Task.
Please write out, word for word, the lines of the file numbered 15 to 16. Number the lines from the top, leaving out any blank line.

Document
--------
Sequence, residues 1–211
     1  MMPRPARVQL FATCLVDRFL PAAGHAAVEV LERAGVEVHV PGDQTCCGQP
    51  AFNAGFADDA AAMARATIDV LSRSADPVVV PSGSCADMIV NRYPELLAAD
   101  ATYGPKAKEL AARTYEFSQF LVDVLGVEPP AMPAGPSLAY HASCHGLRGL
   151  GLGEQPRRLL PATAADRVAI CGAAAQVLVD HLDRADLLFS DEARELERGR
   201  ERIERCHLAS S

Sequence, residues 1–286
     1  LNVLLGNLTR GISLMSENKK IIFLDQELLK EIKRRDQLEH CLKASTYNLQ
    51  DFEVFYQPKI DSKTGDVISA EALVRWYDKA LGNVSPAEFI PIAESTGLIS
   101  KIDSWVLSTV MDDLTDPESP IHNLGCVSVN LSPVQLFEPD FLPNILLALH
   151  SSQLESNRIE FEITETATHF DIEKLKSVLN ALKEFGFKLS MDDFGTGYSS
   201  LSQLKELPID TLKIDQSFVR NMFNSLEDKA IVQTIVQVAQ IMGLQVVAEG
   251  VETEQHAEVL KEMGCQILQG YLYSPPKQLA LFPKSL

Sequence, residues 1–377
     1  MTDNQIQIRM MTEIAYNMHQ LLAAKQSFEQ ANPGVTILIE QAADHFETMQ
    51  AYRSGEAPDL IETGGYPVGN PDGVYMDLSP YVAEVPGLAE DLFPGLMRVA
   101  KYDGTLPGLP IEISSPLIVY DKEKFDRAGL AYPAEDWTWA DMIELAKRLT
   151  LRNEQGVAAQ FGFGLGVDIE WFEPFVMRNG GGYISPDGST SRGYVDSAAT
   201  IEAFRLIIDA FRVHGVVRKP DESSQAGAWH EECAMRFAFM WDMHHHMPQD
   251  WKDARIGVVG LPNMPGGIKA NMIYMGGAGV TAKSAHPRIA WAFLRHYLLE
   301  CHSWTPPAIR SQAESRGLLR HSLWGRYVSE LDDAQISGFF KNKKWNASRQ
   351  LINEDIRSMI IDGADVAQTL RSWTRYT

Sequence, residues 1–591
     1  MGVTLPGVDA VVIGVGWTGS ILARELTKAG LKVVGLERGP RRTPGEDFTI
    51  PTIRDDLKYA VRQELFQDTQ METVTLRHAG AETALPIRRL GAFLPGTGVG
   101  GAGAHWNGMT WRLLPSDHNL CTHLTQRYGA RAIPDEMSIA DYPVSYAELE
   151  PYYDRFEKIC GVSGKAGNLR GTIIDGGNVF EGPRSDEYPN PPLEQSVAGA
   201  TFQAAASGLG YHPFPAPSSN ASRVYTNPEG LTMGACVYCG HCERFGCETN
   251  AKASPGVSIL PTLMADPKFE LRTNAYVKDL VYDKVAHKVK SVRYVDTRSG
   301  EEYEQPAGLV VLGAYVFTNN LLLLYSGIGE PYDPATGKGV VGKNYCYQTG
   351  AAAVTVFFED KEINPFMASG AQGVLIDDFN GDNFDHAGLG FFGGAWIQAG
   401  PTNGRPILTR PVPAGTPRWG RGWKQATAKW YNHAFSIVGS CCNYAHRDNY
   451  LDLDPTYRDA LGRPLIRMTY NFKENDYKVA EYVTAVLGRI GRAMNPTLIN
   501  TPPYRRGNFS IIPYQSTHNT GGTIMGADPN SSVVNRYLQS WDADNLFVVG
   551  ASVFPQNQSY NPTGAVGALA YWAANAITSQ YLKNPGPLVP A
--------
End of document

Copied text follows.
     1  MTDNQIQIRM MTEIAYNMHQ LLAAKQSFEQ ANPGVTILIE QAADHFETMQ
    51  AYRSGEAPDL IETGGYPVGN PDGVYMDLSP YVAEVPGLAE DLFPGLMRVA